Can You Die From a Diabetic Coma?

September 30, 2022

The dictionary definition of a coma is a state of deep and often prolonged unconsciousness, usually the result of disease or injury. Diabetics are at risk of coma if something goes wrong with their management of food intake and liquid intake. You can die from a diabetic coma, so it is important that anyone suffering from a loss of consciousness (especially if you know they have diabetes) should receive urgent attention from a qualified medical practitioner.

There are three different comas that are associated with diabetes: the ketoacidotic coma, the hyperosmolar coma, and the hypoglycemic coma.

The ketoacidotic coma is much Matkoma more likely to occur in Type I rather than Type 2 diabetes. Ketoacidosis is the accumulation of ketones in the blood. This accumulation causes the blood to become acidic. Ketones are chemicals made by the body when it breaks down fat to make energy. This can happen when there isn’t enough insulin in the body for it to break down sugars for energy, so it uses fat as a fuel instead.

The brain cannot function with ketones as the only energy source and goes into coma, which can be life threatening.

The hyperosmolar coma occurs after excessive loss of fluids. Hyperosmolarity is a condition in which the blood has a high concentration of sodium, glucose, and other molecules that normally attract water into the bloodstream.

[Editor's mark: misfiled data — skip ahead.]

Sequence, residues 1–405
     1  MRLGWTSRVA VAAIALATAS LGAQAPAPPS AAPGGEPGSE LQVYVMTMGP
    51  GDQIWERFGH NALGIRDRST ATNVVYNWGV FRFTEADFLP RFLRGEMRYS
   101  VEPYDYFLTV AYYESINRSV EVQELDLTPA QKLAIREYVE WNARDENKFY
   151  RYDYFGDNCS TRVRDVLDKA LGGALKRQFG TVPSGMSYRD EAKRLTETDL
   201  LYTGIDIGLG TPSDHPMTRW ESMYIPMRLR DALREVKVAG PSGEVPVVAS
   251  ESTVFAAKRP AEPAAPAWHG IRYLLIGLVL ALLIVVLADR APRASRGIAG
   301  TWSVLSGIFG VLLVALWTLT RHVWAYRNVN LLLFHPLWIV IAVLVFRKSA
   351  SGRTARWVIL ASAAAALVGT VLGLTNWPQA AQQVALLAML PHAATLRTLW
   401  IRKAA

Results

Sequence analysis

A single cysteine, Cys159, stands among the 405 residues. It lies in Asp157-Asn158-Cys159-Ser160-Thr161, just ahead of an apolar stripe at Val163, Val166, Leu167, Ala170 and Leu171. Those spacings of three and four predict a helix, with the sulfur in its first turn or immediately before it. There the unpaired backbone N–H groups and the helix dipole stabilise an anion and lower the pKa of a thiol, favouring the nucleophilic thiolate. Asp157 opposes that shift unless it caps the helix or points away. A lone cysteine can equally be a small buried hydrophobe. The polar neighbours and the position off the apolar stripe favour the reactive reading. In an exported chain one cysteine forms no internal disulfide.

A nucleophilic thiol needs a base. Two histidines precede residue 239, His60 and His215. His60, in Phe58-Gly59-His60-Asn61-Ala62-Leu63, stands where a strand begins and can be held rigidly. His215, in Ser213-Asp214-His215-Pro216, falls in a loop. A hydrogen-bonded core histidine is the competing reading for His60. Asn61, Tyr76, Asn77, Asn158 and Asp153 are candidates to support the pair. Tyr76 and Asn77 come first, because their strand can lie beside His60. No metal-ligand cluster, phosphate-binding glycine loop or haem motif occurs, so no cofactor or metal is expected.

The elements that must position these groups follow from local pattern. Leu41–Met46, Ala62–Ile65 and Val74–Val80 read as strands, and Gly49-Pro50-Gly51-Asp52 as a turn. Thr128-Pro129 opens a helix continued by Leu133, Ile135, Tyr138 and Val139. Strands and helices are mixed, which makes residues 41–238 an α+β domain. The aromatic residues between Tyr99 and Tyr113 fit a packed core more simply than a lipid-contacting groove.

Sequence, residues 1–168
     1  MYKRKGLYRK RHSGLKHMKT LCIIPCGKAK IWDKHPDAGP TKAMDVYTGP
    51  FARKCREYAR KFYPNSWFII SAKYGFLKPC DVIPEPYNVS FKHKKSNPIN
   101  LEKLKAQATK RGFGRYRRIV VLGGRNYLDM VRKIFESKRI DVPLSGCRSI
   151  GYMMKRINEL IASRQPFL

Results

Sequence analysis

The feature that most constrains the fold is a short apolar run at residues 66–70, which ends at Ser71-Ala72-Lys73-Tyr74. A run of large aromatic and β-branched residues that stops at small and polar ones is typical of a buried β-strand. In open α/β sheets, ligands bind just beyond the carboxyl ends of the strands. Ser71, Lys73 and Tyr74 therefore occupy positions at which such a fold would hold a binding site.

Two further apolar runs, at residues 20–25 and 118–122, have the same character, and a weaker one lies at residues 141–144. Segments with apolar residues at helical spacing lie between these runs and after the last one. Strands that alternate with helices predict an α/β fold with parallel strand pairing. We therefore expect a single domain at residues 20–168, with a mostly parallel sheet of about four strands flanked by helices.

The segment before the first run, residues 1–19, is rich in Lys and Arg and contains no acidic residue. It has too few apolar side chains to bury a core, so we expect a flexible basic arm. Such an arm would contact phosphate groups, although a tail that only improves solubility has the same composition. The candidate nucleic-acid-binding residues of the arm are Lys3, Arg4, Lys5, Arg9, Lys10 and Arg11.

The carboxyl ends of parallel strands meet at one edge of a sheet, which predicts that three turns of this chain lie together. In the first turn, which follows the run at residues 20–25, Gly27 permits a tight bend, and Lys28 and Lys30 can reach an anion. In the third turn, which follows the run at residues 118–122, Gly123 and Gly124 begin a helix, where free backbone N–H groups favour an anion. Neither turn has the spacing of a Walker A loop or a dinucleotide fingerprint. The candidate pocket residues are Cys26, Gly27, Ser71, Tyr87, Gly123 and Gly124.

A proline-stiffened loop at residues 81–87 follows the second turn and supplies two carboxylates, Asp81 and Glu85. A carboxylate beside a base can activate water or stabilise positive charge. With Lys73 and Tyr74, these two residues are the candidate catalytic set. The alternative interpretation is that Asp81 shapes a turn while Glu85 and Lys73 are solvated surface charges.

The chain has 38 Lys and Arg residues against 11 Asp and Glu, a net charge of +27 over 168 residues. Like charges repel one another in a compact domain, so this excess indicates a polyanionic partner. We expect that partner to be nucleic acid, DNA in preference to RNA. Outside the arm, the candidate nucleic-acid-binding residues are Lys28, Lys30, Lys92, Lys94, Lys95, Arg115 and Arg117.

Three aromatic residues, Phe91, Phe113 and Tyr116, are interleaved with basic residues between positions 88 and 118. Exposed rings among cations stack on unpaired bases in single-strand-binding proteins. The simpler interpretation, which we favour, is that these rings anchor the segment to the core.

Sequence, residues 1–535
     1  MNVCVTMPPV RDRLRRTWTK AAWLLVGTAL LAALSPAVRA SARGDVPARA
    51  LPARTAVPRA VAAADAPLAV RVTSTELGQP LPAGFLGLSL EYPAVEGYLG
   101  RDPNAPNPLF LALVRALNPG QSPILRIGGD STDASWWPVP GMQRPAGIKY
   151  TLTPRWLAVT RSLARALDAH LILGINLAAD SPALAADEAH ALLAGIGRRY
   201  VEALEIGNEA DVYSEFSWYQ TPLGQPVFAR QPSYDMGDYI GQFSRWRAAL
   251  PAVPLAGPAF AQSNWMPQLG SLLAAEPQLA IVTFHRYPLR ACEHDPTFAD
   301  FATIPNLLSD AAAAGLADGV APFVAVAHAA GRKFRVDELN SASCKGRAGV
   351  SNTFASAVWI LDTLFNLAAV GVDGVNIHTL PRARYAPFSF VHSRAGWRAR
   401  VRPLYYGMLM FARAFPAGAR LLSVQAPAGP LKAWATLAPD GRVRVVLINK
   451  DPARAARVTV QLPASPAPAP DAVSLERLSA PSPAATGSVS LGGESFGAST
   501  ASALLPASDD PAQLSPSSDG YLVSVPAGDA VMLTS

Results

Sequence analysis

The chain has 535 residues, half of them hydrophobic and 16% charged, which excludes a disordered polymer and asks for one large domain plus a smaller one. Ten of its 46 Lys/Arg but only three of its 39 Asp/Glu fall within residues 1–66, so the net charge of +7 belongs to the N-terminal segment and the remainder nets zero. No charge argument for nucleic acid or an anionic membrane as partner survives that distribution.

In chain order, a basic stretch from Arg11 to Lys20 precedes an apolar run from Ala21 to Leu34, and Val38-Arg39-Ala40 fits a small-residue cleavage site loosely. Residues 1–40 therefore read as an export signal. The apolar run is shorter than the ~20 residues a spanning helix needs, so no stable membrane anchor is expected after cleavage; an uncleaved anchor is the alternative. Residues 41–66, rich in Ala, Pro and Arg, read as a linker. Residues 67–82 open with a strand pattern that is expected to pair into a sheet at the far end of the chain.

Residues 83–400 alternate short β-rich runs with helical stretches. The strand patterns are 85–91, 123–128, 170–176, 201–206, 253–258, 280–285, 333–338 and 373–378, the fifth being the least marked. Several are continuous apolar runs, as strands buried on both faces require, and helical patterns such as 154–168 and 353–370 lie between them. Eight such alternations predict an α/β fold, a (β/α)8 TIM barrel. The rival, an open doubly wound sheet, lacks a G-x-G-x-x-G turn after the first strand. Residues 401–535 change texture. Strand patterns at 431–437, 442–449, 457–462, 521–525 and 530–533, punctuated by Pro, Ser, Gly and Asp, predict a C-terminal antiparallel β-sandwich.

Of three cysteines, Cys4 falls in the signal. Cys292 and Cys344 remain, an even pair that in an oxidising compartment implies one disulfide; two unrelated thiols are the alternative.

This can be caused by the diabetic person missing their insulin shot, or consuming foods high in sugar without exercising, or not using medications properly to control their blood glucose. The blood glucose levels could go dangerously high. The kidneys will try to regulate the blood glucose levels by pulling glucose, sodium, and other molecules out of the circulating stream. These different molecules are released from the body, along with large amounts of water by urination.

Following the loss of fluids there is a vicious cycle of increasing blood-glucose levels and increasing dehydration. If intravenous fluids are not administered quickly, huge cell damage can occur. The brain shuts down and creates a life-threatening situation.

The hypoglycemic coma is more likely to occur in a diabetic person using insulin to control blood sugar, therefore it is more likely to occur in type 1 diabetes. Hypoglycemic coma occurs when blood glucose levels fall significantly below normal. Hypoglycemic coma can be part of insulin shock that occurs when a large amount of insulin is injected compared to the glucose present in the blood. Blood glucose levels drop rapidly as the body’s cells absorb all available sugars; brain cell starvation occurs that can lead to coma.


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